Even with the best fitting boots in the world, hiking can result in foot injuries. This is primarily due to the amount of stress and pressure exerted on your feet on a daily basis. In the human feet, there are over 120 muscles, ligaments, and nerves held together across 33 joints, formed by a network of 26 different bones. Even daily walking is a repetitive action that keeps a constant pressure, often in excess of twice your body weight, on these tiny bones, tissue, and joints. The potential for stress related strain and damage is pretty much constant.
And when you are out hiking across uneven terrain, the pressure can be magnified several times over. With ill-fitting hiking boots, the chance of injury to your feet becomes even more acute. A foot injury can result in severe or chronic foot pain. It is estimated by the American Podiatric Medical Association that 77% of Americans experience foot pain at some point in their lives. And hiking is one of the five top exercise related activities that result in injury and foot pain.
Three main regions of the foot are most vulnerable to damage from ill-fitting hiking boots:
- The toes
- The forefoot, involving the metatarsal and sesamoid bones
- The hindfoot, involving the heel and the sole of the feet
The heel is the side that comes in direct contact with the ground. It is the sponge or rather shock absorber that has to adjust itself to uneven terrain to help us stay upright. Heel injuries are one of the most common types of hiking injuries. Typical foot injuries caused by a poor selection of hiking boots include:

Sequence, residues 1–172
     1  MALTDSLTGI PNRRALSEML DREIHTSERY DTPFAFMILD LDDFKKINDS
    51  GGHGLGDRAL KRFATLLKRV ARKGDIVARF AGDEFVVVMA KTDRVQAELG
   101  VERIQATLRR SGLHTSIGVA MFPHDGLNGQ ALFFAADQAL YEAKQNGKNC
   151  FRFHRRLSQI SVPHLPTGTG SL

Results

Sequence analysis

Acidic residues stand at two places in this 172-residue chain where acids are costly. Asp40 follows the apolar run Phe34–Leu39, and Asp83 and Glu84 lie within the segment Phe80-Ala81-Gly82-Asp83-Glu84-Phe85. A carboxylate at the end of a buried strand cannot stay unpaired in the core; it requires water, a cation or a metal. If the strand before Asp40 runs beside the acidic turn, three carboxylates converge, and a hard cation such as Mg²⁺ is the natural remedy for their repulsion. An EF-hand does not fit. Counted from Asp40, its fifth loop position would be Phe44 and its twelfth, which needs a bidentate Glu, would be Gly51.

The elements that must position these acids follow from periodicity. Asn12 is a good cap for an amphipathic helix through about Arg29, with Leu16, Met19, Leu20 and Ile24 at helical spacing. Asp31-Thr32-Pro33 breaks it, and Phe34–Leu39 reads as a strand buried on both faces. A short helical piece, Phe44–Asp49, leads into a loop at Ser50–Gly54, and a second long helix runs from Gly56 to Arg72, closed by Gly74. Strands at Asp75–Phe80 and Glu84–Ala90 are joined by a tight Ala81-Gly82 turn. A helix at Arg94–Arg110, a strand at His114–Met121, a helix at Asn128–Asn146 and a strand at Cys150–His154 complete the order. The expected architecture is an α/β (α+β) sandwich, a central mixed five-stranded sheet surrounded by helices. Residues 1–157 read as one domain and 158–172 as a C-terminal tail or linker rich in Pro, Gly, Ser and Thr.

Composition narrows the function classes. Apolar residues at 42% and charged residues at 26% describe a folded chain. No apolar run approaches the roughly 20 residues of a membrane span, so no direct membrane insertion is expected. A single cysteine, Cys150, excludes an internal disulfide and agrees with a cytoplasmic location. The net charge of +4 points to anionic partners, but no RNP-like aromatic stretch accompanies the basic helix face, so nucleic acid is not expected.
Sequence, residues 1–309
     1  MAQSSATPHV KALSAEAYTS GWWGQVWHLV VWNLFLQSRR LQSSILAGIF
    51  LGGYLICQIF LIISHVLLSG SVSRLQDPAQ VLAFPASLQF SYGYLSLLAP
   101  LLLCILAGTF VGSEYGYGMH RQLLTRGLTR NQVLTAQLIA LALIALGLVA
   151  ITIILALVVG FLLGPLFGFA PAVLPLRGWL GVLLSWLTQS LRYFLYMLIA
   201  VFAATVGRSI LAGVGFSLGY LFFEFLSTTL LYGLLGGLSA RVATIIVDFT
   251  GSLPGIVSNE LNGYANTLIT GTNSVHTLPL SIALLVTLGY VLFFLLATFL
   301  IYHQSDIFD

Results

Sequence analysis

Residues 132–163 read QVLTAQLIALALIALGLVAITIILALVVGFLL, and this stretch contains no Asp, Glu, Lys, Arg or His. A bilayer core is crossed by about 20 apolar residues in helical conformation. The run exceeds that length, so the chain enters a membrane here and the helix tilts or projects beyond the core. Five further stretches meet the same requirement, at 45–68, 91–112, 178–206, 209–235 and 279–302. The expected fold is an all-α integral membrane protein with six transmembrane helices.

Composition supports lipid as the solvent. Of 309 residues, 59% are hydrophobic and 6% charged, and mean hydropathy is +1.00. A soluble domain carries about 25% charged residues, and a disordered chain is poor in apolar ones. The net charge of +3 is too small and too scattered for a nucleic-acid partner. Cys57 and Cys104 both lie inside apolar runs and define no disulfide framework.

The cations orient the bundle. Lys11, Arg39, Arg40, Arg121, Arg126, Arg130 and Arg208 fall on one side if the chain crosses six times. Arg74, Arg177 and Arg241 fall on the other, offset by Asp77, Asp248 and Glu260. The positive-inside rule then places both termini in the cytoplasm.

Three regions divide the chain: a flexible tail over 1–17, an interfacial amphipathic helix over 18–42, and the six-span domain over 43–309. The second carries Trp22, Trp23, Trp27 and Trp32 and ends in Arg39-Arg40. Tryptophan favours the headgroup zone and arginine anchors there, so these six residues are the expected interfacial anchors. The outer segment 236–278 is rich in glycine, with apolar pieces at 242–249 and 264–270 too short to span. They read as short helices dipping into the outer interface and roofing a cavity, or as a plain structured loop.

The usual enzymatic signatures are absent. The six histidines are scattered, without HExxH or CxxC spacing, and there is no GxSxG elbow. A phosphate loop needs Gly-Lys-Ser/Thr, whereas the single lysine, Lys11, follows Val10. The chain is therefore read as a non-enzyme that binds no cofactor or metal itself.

- Plantar Fasciitis: one of the most common causes of heel pain. This is a stress injury caused to the plantar fascia, the flat tissue that connects the heel bone to the toes. Heel pain from Plantar Fasciitis leads to swelling, inflammation, and chronic discomfort.
- Heel Spurs: Continuous stress and tears in the bones and tissue in the heel eventually lead to a gradual build-up of calcium in the heel bone. The result is a painful growth on the bottom of the heel bone, a condition called heel spur.
- Sesamoiditis: Stress in the ball of the feet can injure the sesamoids, two corn-like bones under the big toe joint. Pain and aches in the forefoot are the results.
- Achilles Tendonitis: The Achilles tendon is used for everything from walking, running, jumping and even standing still. Excessive stress to this tendon leads to tendonitis, causing acute pain and swelling in your feet.
Regardless of the reason, foot pain is always an abnormality, one that should be looked at by skilled podiatrists at the earliest. Taking foot injuries and symptoms like heel pain lightly can lead to severe complications in future, often resulting in vastly increased treatment costs. If you are suffering from hiking related pain in central Texas, consider fixing and appointment with a skilled foot doctor in Austin, Dr. Jeff LaMour. His clinic offers highly specialized podiatry services.